of the 1st Womens Professional Billiard Association President
personal historical knowledge of the pocket billiard community
began in 1974. I don’t consider myself to be an expert.
I am going by things I remember and pool clippings and paraphernalia
left over from my travels to tournaments from that time on. I
don’t know everything that was going on around the country
but I did have my finger on the pulse of what was happening in
and around the east coast. The BCA was king in those days, truly
the governing body of pool. Added to that, there were individual
pool promoters that were always trying to have a bigger and better
tournament than anyone else. I believe these promoters had their
hearts in the right place but their eyes were bigger than their
pocket books. They hoped to attract ticket buying spectators
and big advertisers to a tournament with a large player field.
The players, of course, paid entry fees to the event that helped
to make up the offered prize monies.
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to 1981, I, as WPBA President, worked out deals with these promoters
to add a women’s division to their events. In 1978, I worked
out an agreement with a promoter in Maryland for the WPBA to
be part of a huge tournament he was planning. As it turned out,
it would be the only event he ever produced. It worked out to
be a successful event for WPBA players, but not for the men.
The promoter added $1000 to the women’s prize fund making
it total $3000. In those days, $1000 added made it officially
a major tournament. Besides prize money, and donated prizes such
as cues, cases and accessories, the WPBA players received points
from the event that were posted to their bid to be entered into
the WPBA National Championship at year’s
.....By the second day of the event,
rampart rumors abounded that the promoter was going broke because
there were not enough ticket sales and advertisers. Since we
were a fledgling organization, it was important for me to keep
our integrity intact, especially concerning prize money payouts.
As women players were eliminated from the event, I went to them
and told them to collect their prize money in cash from the promoter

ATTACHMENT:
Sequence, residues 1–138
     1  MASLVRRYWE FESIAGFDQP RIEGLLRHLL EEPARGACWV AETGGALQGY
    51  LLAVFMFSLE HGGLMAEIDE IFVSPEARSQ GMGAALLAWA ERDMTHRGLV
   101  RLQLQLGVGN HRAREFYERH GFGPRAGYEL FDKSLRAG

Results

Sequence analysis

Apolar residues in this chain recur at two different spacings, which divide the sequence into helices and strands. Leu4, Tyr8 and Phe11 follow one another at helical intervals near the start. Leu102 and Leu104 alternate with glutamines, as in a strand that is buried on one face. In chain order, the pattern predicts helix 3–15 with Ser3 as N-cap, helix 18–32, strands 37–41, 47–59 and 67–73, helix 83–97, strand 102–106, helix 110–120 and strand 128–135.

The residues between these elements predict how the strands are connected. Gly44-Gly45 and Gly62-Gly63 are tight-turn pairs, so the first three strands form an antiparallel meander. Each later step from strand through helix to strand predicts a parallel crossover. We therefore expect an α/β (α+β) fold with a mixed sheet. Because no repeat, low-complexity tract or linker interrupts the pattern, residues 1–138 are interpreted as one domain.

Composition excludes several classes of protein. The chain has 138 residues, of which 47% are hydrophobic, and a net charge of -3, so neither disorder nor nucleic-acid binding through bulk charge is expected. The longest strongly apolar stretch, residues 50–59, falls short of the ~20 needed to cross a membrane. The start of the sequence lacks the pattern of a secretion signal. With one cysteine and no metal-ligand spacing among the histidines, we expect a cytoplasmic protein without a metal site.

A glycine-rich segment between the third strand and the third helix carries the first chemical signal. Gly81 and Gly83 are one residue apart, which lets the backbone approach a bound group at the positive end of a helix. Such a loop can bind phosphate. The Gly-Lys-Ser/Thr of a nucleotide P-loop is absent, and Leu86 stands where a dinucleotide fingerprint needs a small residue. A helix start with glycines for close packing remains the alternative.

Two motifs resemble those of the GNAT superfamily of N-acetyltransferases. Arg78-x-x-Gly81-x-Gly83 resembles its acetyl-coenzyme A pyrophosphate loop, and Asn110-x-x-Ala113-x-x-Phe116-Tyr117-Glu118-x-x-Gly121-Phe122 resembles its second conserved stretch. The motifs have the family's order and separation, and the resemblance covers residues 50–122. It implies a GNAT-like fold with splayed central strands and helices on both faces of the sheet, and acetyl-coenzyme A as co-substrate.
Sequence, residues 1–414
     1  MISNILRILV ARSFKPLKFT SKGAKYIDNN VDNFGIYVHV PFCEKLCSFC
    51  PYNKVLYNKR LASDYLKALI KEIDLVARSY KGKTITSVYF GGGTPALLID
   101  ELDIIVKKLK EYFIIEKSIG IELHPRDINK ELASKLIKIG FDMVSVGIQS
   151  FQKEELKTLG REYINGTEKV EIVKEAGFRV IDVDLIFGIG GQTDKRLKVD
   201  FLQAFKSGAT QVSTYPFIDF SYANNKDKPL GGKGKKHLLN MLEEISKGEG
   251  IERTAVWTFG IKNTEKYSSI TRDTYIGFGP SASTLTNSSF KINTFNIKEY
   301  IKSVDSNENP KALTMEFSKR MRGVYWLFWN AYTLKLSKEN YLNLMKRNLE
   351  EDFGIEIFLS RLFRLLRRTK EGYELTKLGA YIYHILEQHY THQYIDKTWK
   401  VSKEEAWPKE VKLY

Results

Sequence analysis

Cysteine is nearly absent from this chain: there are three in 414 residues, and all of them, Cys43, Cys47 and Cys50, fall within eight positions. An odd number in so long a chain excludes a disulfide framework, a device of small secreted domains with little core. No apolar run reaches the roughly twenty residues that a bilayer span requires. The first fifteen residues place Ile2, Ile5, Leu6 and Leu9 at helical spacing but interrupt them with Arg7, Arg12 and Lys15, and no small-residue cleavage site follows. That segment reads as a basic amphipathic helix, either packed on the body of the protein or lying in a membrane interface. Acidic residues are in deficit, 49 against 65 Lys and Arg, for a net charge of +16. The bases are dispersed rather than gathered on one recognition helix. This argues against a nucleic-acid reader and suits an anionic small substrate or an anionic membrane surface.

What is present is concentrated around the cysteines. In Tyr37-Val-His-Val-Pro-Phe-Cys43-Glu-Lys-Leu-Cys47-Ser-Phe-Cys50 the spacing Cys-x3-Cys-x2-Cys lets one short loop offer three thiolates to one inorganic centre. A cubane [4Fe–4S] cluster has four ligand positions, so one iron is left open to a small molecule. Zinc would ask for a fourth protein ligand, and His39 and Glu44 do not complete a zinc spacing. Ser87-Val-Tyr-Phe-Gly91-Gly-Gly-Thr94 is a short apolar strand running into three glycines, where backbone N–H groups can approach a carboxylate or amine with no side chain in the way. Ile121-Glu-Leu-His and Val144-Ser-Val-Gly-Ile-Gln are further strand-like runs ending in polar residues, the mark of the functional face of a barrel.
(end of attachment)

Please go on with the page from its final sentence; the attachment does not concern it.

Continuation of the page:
over at the ticket sales desk. I had prearranged with the promoter
to payout the women players upon their second loss in the double
elimination tournament. All the player had to do was endorse
her check and the promoter handed her cash. After the tournament
was over, I clearly remember seeing the winner of the men’s
division waving his check and saying to the crowd that he would
sell his $4500 check to anyone for $2000. My anxiety was mounting.
In those days there were no ATM machines and only a few people
had credit cards. Business transactions were by cash or check.
I felt an enormous responsibility to make sure that all WPBA
players got paid, especially the Champion.
.....At 8:00 AM the morning after
the tournament, I woke Gloria Walker, the winner of the women’s
division, in her hotel room. She was the only player that had
received a check because the ticket sales desk had already been
taken down by the time the finals ended; everyone else had gotten
paid in cash. I had already found out where the promoter’s
bank was located in town the first day of the tournament. I drove
Gloria to the bank in my car. When the doors of the bank opened
at 9:00 AM, Gloria and I walked into the bank. She went to the
teller and, thankfully, her $1000 check cleared and she was given
her cash. In our case, we laughed all the way out of
the bank. It was a satisfying moment. We had hosted a successful
major event and the reliability of the WPBA was intact. The promoter,
to my knowledge, was never seen again. Later I found out that
over half the men’s field
had never received their prize money, including the winner of